Of pev

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Description: The Pirbright Institute, Pirbright Laboratory, Ash Road, Pirbright, Woking, Surrey, GU24 0NF, United Kingdom. Teschen disease was first described in Czechoslovakia by Trefny (1930). This severe

The Pirbright Institute, Pirbright Laboratory, Ash Road, Pirbright, Woking, Surrey, GU24 0NF, United Kingdom.

Teschen disease was first described in Czechoslovakia by Trefny (1930). This severe clinical form of pig polioencephalomyelitis, with a mortality of up to 90%, was confined to central Europe until 1952, at which time it was confirmed in Madagascar (Pilet, 1952). In Denmark and England, a disease of pigs characterized by a mild nervous disorder was reported, and the names "poliomyelitis suum" and "Talfan" were used in the respective countries (Bendixen and Sjolte, 1955; Harding et al. 1957). These diseases were mild and there was almost no mortality. However, histological examination of the central nervous tissues revealed changes indistinguishable from those of the more severe Teschen disease. In 1958 it was established by reciprocal cross-neutralization tests in cell culture that Talfan virus was closely related to Teschen disease virus (Chaproniere et al. 1958). It was later shown by immunity tests in pigs that related viruses causing the mild disease can protect pigs against challenge with those viruses causing the severe disease (Huck, 1962; Mayr, 1961).

Porcine enteroviruses (PEV), other than Teschen disease virus, were first described in the late 1950s following the development of tissue culture techniques.

PEVs have been divided into three distinct groups (I, II and III) based on physicochemical properties, type of cytopathic effect (CPE) produced in pig kidney cells and different cell culture host ranges (Zoletto 1965; Zoletto et al. 1974; Knowles et al.. 1979). They are also classified into 11 serologically distinct types (Dunne et al. 1971; Knowles et al.. 1979), groupI consisting of serotypes 17 and 11, group II consisting of serotype 8 and group III consisting of serotypes 9 and 10. Teschen disease virus belongs to serotype 1. Swine vesicular disease (SVD) virus is not included as an additional PEV serotype since it is classified as a porcine variant of the human pathogen coxsackievirus B5 (Knowles et al. 1979).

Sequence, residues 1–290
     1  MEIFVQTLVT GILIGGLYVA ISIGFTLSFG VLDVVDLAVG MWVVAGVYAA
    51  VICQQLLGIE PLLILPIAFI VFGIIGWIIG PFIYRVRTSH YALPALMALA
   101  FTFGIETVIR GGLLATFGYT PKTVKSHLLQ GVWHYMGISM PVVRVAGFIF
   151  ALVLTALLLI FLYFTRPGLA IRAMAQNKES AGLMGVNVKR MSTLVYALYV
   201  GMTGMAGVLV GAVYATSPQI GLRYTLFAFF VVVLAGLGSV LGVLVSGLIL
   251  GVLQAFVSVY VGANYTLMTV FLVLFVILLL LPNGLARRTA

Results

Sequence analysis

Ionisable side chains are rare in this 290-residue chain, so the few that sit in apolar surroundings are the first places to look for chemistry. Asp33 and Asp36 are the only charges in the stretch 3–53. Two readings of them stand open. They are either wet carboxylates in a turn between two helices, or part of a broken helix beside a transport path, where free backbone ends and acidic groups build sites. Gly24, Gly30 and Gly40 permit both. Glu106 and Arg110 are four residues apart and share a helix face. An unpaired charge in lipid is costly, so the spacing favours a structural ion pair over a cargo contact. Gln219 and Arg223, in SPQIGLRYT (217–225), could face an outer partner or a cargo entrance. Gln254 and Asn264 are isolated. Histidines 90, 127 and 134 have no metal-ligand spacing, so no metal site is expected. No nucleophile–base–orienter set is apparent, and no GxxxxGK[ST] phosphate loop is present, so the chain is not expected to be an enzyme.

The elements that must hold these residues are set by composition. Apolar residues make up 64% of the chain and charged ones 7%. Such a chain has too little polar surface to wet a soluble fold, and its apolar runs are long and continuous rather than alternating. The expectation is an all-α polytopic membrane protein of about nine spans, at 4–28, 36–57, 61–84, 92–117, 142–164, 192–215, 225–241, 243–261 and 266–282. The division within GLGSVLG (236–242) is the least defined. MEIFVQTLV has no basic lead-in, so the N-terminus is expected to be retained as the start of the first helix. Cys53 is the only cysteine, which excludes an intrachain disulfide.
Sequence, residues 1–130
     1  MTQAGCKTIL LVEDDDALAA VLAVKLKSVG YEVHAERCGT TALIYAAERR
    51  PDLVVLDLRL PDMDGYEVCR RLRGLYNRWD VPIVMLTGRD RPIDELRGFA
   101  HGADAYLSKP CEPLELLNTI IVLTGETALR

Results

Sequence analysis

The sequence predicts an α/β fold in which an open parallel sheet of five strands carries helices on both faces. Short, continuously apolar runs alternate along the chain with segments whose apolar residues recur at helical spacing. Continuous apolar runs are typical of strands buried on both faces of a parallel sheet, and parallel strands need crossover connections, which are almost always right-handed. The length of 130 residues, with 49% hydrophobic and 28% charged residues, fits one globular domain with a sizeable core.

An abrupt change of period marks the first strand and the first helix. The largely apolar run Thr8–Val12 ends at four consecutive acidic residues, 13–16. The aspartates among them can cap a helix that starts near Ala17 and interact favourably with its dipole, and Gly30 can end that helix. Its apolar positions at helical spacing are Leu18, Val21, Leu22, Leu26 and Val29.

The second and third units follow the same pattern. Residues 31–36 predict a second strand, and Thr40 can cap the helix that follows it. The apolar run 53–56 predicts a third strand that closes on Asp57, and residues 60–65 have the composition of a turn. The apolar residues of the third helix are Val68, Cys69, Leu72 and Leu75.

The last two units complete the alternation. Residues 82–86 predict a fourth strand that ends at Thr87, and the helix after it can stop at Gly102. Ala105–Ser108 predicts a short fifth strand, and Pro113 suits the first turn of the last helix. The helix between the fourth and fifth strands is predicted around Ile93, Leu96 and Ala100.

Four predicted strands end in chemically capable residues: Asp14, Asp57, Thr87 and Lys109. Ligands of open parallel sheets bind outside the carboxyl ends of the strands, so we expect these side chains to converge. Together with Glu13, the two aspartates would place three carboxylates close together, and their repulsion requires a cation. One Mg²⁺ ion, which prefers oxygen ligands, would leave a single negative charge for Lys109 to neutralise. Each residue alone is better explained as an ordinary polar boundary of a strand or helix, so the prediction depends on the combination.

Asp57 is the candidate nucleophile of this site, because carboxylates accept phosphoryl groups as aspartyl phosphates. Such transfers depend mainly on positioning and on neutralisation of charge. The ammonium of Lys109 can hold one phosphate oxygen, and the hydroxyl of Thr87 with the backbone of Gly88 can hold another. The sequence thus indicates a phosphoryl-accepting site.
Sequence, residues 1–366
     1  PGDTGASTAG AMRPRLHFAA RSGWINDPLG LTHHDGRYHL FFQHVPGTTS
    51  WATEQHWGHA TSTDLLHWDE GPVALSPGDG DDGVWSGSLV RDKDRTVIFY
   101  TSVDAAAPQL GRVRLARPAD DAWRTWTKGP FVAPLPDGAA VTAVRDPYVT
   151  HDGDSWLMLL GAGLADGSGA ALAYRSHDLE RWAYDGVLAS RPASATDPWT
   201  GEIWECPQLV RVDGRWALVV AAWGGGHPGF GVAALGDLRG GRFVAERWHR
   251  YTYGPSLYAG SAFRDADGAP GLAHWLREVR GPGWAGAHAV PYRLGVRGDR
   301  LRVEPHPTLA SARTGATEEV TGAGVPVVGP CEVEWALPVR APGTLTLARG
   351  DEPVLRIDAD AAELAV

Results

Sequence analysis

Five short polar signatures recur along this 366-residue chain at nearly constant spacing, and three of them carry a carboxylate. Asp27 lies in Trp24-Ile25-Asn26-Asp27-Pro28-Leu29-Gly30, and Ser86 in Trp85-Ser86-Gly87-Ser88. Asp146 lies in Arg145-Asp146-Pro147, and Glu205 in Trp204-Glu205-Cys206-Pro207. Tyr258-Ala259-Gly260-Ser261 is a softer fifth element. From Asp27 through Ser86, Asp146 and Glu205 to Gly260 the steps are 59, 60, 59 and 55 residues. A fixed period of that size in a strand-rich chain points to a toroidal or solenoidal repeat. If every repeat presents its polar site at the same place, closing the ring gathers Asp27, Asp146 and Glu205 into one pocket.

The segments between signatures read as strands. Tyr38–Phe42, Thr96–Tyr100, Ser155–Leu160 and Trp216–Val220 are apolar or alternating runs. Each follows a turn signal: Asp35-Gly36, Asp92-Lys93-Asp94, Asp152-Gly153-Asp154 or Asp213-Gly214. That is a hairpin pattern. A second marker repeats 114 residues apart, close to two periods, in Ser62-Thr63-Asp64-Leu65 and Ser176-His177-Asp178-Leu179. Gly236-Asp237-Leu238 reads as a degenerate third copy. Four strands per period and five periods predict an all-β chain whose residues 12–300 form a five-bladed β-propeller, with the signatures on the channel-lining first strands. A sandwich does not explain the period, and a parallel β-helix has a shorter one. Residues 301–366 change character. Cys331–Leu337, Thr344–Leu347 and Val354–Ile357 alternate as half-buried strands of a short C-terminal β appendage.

PEVs are readily cultivated in the laboratory in cell cultures of porcine origin. Primary or secondary cultures of pig kidney or testes are generally used. However, continuous cell lines such as IB-RS-2, PK-15 or MVPK may be also be successfully employed. The type of CPE exhibited in porcine kidney cells can be recognised by experienced workers and used as a preliminary grouping method. The growth of PEV in cells derived from non-porcine sources varies between, and sometimes within, the three PEV groups (Knowles et al. 1979).

Depending on the reason for diagnosis a number of different tissues may be submitted. PEVs have been associated with nervous, respiratory, reproductive and digestive disorders. They are commonly found in faeces of both normal and sick pigs and isolation rates may be high (Knowles, 1983; Honda et al. 1990c). PEVs may also be isolated as incidental findings during the diagnosis of other diseases of pigs such as SVD or foot-and-mouth disease (FMD). In these cases, a test capable of differential diagnosis may be of vital importance to facilitate the rapid reporting of results (Knowles, 1988).

The ultimate typing test is still virus neutralization since the presence of multiple serotypes may be detected, however, where many tests are to be performed complement fixation is recommended (Knowles and Buckley, 1980; Knowles, 1983; Caracappa et al. 1985; Shin et al. 1987). Other techniques such as immunofluorescence (Watanabe, 1971), immunodiffusion (Sulochana and Derbyshire, 1978a), immunoperoxidase (Sulochana and Derbyshire, 1978b; Honda et al. 1990a) have been developed, however, none of these techniques have been employed for serotyping principally due to a lack of specificity. An enzyme-linked immunosorbent assay (ELISA) for PEV typing is currently being developed at Pirbright employing rabbit and guinea pig antisera raised against purified, inactivated viruses.

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